We were only making money and really not living. We got the inevitable wake up call in spades. Jane got cancer and my daughter came home from San Francisco with ulcerated colitis so bad she really came home to die. We had kept in touch with our neighbors in Minnesota over the years. Our bond with them was strong, and I just off handed called and in the conversation they told me that the farm we had owned was up for sale. It seems the well had collapsed and the owners did not have the funds to put in a new one. FHA was selling him out. Jane had just finished chemo, my daughter had major surgery. I decided to see what the sell out was all about. I flew back to Minnesota and bought the farm back for $55,000. We quit our jobs and went back to Minnesota. The house was empty and badly vandalized, but its 100+ years showed through with grace and beauty. We had a new well put in, but had to go 600 feet because the upper layers were polluted with nitrates and the well had to be grouted all the way down to keep the upper water out ($12,000).
We fixed up the house with love and care, placed the cook stove in its original spot in the kitchen (we hauled it around for years). The 401k was gone. Our Amish neighbors, who we really enjoyed, gave us a lot of help and we returned in kind. One morning at 3 A.M. Amos knocked on the door. Mary had to go to the hospital to deliver number 12 and Jane got her to the hospital around 5 A.M. She delivered her healthy baby and they were back home in her kitchen by 9 A.M. But she did get the rest of the day off. My Amish neighbors helped me to build a one story barn – comfort stalls, rubber cow mats, a great milk house, with pipeline, etc. We had above average cows, our herd average was 27,600 pounds of milk and 1178 fat. I had a two-year-old heifer that milked 32,000 pounds on her first lactation. Had a bunch of sows with an eight pig per litter average and loved the whole operation. Now the farm had to pay its way after investing all of our money. The farm was in set aside for ten years, with five years left to go and it paid $5,200 per year. The fields, which I had put in contour strips in the 70’s, were all overgrown and I purchased all my feed and hay. I reasoned without the capital investment in machinery I would do better. I bought the best hay from Canada, protein tested and as green as the day it was put up.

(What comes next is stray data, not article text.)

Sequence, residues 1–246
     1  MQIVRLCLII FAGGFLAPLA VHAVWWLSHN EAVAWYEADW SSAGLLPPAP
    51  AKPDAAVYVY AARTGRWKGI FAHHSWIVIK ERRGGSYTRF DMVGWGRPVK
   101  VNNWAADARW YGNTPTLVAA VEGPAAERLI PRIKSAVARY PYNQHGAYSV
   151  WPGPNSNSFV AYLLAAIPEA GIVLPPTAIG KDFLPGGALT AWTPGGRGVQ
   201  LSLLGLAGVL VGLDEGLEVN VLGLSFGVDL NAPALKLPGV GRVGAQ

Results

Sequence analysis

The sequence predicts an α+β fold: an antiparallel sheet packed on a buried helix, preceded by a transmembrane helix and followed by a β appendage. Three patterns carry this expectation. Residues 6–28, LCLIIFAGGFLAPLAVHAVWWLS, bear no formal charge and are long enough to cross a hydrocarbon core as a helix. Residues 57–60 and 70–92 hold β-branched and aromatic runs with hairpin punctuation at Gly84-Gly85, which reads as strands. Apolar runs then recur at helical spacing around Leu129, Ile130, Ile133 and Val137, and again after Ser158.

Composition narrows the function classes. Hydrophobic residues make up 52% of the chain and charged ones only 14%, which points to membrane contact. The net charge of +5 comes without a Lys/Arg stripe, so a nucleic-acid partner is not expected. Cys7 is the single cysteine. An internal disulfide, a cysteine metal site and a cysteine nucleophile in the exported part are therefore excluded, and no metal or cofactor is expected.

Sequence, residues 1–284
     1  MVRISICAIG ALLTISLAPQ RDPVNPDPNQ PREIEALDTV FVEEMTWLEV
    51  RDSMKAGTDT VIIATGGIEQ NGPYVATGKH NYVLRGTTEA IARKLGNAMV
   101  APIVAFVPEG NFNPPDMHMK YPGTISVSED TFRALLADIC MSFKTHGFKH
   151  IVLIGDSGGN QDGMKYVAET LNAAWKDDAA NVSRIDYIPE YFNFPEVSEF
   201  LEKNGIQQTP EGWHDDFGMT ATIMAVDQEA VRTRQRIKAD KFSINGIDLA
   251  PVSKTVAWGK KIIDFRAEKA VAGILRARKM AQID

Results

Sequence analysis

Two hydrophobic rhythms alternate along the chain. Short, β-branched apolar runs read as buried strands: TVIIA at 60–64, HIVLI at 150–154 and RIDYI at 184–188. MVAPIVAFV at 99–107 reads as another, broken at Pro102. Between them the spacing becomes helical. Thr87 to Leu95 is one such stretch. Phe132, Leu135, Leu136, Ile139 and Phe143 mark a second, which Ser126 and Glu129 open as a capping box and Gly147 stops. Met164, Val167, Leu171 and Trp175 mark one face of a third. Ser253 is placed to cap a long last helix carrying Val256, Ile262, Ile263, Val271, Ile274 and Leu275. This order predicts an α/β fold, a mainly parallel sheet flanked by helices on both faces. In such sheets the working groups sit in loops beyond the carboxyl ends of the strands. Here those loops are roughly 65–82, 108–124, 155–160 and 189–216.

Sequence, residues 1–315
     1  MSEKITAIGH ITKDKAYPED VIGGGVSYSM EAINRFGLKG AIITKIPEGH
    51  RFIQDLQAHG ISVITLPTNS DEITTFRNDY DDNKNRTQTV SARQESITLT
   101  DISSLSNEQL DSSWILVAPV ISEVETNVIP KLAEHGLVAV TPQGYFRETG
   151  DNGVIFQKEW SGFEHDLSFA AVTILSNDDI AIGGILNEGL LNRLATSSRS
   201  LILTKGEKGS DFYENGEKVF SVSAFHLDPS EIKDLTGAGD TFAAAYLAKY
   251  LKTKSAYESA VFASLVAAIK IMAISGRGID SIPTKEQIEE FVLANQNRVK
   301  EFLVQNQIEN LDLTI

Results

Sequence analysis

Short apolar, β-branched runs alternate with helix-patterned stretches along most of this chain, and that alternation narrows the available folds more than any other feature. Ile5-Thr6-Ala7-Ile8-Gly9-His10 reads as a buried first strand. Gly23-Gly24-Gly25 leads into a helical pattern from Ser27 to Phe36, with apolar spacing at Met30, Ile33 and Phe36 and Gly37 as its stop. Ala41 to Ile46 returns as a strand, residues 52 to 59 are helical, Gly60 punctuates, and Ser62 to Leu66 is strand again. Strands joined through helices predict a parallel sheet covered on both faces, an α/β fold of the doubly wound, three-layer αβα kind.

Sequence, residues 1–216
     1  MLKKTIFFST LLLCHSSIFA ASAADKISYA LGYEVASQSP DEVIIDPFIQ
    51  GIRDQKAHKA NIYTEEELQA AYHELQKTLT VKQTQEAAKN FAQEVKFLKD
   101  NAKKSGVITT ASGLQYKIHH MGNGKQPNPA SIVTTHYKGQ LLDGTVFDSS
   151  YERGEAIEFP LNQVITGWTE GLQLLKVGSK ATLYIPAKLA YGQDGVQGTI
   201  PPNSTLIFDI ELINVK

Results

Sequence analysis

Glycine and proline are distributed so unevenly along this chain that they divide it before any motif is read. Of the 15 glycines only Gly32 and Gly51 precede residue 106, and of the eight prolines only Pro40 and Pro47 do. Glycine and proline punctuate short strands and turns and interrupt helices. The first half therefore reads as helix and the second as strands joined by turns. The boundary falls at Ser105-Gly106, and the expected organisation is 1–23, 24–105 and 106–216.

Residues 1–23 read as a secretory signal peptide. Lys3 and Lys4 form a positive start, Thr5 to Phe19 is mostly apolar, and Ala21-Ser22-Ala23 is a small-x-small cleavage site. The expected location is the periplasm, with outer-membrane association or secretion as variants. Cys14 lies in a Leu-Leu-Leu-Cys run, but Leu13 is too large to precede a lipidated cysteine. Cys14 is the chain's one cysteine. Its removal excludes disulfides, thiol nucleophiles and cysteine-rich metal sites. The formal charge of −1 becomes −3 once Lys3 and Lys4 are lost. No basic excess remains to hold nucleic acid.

Well, money was tight, our needs were always second to the stock, and the price of milk and feeder pigs went in the toilet. At $10 per 100 pounds of milk and $25 for feeder pigs, we did not last long. All the love you have for the land and the animals, with all the soul you put into it, when someone else is telling you what they will pay for your products, it just makes it impossible. To have little or no control is disheartening to put it mildly. I know the ideal situation is to sell direct, or at a local market, but in an outlying farm situation, that just doesn’t work. We have to rely on fair markets that are not manipulated. We sold out and the folks who wanted to buy the farm were a wonderful young couple, with kids, just as we were back in the 70’s. They were $25,000 short of what the bank would lend, so I sold it to them anyway. They said they would pay it from the set aside money and were true to their word.
The farm gets into your soul and it can never be extracted. To this day, Jane and I have dreams where we wake up with a start because we dreamt we had not milked the cows today or had not watered the horses.